The day before the Dirty Thirty party goes like this…
It is a beautiful morning on the farm: humming birds are zooming around, the farm dogs are out tossing field mice up in the air for fun, the cow is mooing her silly head off because no one is giving her extra oats, and the goats are bleating to be milked. I grab a strong cup of coffee from the main house and walk through the raspberry and ollieberry fields picking my breakfast off piece by juicy piece down the thorny rows.
One by one the farmers come out of their cabins coffee cups in hand and meet in the strawberry patch – not that this is a normal gathering place, it’s just positioned equadistant from everyone. It’s 8A.M. time to get a move on. I’ll be taking the pig to be processed at Bar None just up the coast along with one of the farmers, but first the pig has to be loaded into the trailer and this is not going to be easy – or so I’m told.
If you’ve never raised a pig then let me say they are some of the cutest animals ever. They do stink up a storm, but they are great at eating up compost which is awesome on a farm and they are smart. I wish they weren’t so smart. And, as I found out, they are also very protective. A few months ago I was attacked by a neighbor’s dog and the pigs came running snorting their heads off to protect me. They scared the dog who lost his grip on my thigh.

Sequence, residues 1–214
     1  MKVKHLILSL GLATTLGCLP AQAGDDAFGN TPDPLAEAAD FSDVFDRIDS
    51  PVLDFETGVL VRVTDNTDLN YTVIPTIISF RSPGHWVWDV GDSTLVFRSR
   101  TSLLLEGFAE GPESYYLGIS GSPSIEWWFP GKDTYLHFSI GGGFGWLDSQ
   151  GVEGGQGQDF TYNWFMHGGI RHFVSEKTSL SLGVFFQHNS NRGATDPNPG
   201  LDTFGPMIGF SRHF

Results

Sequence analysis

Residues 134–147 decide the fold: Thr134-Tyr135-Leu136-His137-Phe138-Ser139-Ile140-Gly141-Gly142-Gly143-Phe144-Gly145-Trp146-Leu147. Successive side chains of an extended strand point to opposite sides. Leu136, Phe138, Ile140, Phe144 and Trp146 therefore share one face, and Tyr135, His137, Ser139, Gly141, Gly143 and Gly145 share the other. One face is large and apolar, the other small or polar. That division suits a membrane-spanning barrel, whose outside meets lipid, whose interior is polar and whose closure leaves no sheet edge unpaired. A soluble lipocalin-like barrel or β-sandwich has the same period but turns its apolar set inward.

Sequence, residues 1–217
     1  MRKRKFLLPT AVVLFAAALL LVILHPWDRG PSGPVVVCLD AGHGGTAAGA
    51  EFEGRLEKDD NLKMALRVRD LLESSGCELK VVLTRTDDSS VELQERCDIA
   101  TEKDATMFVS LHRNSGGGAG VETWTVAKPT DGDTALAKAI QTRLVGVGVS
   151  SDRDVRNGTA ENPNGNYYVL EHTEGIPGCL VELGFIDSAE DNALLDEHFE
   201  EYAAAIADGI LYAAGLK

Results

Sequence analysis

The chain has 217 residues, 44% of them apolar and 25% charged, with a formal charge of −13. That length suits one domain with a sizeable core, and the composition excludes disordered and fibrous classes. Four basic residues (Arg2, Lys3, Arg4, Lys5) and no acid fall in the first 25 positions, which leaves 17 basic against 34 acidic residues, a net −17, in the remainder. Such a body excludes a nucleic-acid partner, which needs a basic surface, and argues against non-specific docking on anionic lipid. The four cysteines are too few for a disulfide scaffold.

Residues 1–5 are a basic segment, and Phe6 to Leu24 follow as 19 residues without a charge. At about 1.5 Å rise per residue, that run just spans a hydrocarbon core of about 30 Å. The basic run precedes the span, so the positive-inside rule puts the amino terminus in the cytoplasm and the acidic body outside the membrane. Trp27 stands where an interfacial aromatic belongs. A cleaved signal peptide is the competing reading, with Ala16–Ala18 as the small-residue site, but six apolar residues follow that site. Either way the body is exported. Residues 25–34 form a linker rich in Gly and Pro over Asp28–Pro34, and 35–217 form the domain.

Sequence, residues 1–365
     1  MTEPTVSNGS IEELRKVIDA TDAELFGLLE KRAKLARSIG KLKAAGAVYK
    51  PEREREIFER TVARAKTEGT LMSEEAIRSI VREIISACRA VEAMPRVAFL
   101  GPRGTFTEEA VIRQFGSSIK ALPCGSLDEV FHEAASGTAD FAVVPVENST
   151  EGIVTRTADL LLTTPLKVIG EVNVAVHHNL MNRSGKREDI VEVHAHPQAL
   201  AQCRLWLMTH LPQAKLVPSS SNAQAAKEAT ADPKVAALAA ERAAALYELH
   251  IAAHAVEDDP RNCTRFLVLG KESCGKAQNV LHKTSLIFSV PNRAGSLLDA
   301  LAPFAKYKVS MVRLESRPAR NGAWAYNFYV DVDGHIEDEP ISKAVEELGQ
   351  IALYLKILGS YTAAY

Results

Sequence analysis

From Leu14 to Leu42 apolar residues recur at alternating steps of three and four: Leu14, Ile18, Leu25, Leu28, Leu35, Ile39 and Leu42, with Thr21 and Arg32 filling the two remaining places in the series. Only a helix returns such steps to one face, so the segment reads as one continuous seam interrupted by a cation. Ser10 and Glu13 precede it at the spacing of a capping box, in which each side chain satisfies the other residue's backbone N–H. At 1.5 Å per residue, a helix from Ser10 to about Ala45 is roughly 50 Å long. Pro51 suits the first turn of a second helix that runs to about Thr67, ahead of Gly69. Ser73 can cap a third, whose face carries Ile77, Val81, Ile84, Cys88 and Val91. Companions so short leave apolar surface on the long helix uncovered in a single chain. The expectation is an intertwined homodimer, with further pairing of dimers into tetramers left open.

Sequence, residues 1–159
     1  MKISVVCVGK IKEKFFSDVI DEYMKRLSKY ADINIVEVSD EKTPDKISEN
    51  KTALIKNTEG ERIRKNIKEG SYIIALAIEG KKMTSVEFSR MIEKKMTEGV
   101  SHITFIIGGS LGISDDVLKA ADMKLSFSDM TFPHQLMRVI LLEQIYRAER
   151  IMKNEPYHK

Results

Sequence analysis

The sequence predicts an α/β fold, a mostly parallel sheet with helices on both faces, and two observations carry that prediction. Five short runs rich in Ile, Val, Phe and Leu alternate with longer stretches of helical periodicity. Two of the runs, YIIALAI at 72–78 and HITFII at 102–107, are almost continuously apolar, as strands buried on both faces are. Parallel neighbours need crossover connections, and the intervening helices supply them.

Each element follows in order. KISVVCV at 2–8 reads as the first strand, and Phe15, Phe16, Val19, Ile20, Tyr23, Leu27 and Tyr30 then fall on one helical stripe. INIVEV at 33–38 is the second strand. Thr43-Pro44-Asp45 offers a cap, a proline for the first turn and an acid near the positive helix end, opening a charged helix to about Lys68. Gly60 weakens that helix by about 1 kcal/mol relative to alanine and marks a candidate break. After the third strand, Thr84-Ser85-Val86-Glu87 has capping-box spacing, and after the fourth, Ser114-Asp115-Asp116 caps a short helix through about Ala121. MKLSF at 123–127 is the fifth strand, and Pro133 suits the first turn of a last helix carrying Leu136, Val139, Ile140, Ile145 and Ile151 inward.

They like belly rubs. They like Mexican pastries. They like artichoke leaves and acorns and extra goat milk and apples and just about everything. And they like to be sprayed with the hose – this the farmers call ‘pig party’ because they love to roll around in the mud and get real sloppy.
The pigs are given a super delicious breakfast of all things mentioned above. They are snortin’ it up and havin a good ol’ time. We give them belly rubs and head scratchies and lots of love. We drive the trailer over and open the back end into the pig pen. The farmers place down boards for “Little Pig” to walk up and drop acorns like bread crumbs attempting to coax the pig in without a fuss.
Ha! Of course the two pigs we don’t want to entice saunter into the trailer eating all the goodies. And the one we do want has a sixth sense that something is up. I told you pigs are smart. We continue to coax “Little Pig” (who is not little at all weighing in at 160 pounds) into the trailer, but no such luck. We back off for an hour and hope that that he will naturally walk himself up.